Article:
Review Summary: A schizophrenic album, the first side of guitars followed by the second side of synthesizers, reflecting the creative tensions within the band.2 of 2 thought this review was well written
I bought this album for a bargain £3 in a second hand record shop in Notting Hill Gate. Being particularly into rap, I thought that this would be all about the brothers in the hood. And the band's name seemed vaguely familiar. For £3, what did I have to lose? On first listen, this struck me as very ordinary. There is nothing overly innovative here and certainly no rapping of any description, although there was admittedly plenty of Michael Jackson-like yelps.
In fact this album, New Order's fourth studio album, struck me as a regression to their previous existence as Joy Division, with the first side (of the original vinyl record) all being guitar-based, often with layers of accoustic. What had happened to the beserk bass lines from their second album, "Power, Corruption and Lies"? Where were the ambient synthesizers of their third album "Low Life"? Where was the techno brilliance often found on their groundbreaking singles, collected in their compilation "Substance"?
On second listen, the album hit me as extraordinary. The first side feels strangely claustrophobic, with scrunched up guitars swirling against the mainly steadfast bass and drum beats. "Paradise" starts things off with a particularly earnest and urgent vocal delivery from Bernard Sumner, with its constant refrain "I want you, I need you" and a strange nod to Dolly Parton's "Jolene". "Weirdo" seems exactly that as the guitars, drums and vocals all seem out of kilter with each other, almost as if they are playing different songs, with only the bass holding things together. Again Sumner seems in a hurry, tripping through his vocals to make the words fit the space available. Eventually the instruments collide, as on most of the songs, to make a wall of sound not a million miles from Phil Spector.
"As It Is When It Was" provides for me the first major highlight, with Sumner seemingly at the end of his tether, on his knees, begging "whatever you think of me, listen hard and I will make you see." The bass kicks in to lend this song a masterful melancholic wistfulness, before the guitars swirl to take it even higher.
"Broken Promise" returns us to the ground of the first two songs, again overwhelmingly urgent, with Sumner again concerned with issues of trust and betrayal, as the guitars rush headlong against each other. The last song of the first side "Way of Life" continues in the same vein, with the vocals, guitars and drums yet again feeling slightly out of sync, with yet again the bass being pushed forward to hold the song together. The song ends with a riff stolen from "Love Will Tear Us Apart."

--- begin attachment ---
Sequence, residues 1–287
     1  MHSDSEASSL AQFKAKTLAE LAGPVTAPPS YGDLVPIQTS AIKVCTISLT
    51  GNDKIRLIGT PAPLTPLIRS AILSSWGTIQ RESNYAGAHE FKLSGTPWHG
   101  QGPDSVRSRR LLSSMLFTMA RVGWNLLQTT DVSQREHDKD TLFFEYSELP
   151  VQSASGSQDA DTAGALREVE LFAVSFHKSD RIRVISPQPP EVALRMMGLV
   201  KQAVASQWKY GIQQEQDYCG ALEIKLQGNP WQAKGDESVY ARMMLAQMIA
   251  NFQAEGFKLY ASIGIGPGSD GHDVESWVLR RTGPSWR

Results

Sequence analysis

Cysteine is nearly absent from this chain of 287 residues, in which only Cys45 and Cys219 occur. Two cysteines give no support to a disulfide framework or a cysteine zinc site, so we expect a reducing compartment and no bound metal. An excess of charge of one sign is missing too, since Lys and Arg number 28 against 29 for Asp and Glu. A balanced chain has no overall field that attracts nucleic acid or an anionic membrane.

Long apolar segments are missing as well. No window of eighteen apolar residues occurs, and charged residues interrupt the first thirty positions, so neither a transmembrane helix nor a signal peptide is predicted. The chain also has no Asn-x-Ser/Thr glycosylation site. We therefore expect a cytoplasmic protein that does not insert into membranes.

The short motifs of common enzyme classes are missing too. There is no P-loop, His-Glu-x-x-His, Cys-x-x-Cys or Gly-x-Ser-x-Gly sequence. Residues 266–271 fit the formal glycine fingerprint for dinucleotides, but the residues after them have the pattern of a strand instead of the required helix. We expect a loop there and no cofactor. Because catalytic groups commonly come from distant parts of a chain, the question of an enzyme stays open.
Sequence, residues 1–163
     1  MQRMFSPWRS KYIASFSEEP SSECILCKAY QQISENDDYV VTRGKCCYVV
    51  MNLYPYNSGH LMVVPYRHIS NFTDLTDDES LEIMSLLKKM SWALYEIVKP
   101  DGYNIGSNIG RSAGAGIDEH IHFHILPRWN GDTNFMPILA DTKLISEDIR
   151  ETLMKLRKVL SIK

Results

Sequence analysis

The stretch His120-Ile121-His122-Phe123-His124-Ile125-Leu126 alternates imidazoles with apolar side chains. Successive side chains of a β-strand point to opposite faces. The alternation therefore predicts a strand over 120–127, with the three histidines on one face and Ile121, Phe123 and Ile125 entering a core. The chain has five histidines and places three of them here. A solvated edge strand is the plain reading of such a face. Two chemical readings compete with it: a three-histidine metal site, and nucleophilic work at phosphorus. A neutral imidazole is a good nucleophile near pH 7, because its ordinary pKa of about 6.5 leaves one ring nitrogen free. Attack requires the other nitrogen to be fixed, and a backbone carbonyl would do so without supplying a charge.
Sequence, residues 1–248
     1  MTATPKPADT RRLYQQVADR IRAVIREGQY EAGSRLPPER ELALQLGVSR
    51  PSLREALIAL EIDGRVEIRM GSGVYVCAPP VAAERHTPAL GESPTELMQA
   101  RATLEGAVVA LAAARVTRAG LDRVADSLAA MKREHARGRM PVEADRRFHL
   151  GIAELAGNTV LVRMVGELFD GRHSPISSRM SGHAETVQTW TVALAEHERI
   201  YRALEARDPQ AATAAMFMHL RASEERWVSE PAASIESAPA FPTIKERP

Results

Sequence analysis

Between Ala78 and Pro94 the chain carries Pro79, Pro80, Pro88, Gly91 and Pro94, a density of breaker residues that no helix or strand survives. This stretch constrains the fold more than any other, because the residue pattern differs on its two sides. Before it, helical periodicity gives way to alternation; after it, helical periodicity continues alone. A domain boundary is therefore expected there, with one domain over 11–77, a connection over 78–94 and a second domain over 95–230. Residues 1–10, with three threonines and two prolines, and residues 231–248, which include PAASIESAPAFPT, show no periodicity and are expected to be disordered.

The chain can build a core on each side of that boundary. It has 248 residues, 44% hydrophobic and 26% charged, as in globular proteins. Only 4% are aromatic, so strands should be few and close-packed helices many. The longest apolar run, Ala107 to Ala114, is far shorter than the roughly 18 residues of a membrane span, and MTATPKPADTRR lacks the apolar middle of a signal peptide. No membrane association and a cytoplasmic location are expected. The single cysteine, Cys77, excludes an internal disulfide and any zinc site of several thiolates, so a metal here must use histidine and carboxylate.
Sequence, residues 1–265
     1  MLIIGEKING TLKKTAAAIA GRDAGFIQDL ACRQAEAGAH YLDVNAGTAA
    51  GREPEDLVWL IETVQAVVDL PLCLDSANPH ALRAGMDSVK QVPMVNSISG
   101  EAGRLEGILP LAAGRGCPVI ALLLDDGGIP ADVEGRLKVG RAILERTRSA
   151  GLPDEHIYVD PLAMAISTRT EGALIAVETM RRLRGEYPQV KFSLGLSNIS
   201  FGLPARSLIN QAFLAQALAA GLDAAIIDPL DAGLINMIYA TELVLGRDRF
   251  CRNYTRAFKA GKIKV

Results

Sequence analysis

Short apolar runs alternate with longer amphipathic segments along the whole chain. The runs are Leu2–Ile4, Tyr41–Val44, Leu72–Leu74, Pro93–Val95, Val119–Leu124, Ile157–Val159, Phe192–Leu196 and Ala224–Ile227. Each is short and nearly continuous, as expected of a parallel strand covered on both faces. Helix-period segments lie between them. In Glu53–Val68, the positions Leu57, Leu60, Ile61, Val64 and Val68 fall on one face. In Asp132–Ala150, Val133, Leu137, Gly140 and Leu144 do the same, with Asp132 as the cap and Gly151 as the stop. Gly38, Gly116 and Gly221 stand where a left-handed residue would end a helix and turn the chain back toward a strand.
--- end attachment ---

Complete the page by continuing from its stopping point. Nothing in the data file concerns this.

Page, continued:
The throbbing, rumbling bass and frantic beats of a drum machine with synthesizer interludes herald the start of the second side, "Bizarre Love Triangle," and suddenly it seems like a totally different album. Although the songs are still overwhelmingly urgent, there now seems more room for the various instruments to explore their themes in this electronic side of the album. It's almost as if New Order are writing a thesis about music itself. This is where music was, the four piece of guitar, bass, drum and vocal, on the first side; this is where music can go, with the synthesizer keyboards and drum machines meshed with electronic guitars to create a pop symphonic sound on the second side.
Tony Wilson, their record company boss, termed this album New Order's equivalent to Pink Floyd's "Dark Side of the Moon" and whether this was typical record company bombast or not, the album now is really starting to soar. "All Day Long" is such an urgent, subtle and beautiful song with Sumner's hushed, breathy vocals, that words cannot do it justice. "Angel Dust" continues along the symphonic journey with its apocalyptic sound, before the original closer "Every Second Counts."
This is an amazingly confident song with echoes of Lou Reed's "Walk On The Wild Side." Sumner whispers his opening lines "Every second counts when I am with you; I think you are a pig, you should be in a zoo" before dissolving into giggles, presumably at the banality of his words. (Apart from anything else, a pig belongs in a farm, not a zoo). Somehow he manages to carry on. Even two and a half minutes into the song and he is still chuckling to himself as he fails to reach a high note. Whatever he is on, it seems to work and the song eventually closes in another triumphant wall of sound collision.
My album then has a single "State of the Nation" tacked on to it, which perhaps lacks in its vocal content, but doesn't seem out of place with its sympathetic mix and symphonic sound.
So there you go. I'm still not totally sure what to make of this or agree with what they've done here. Some of the songs don't even stand out particularly. Yet if New Order don't play strictly by the rules, somehow it seems to work.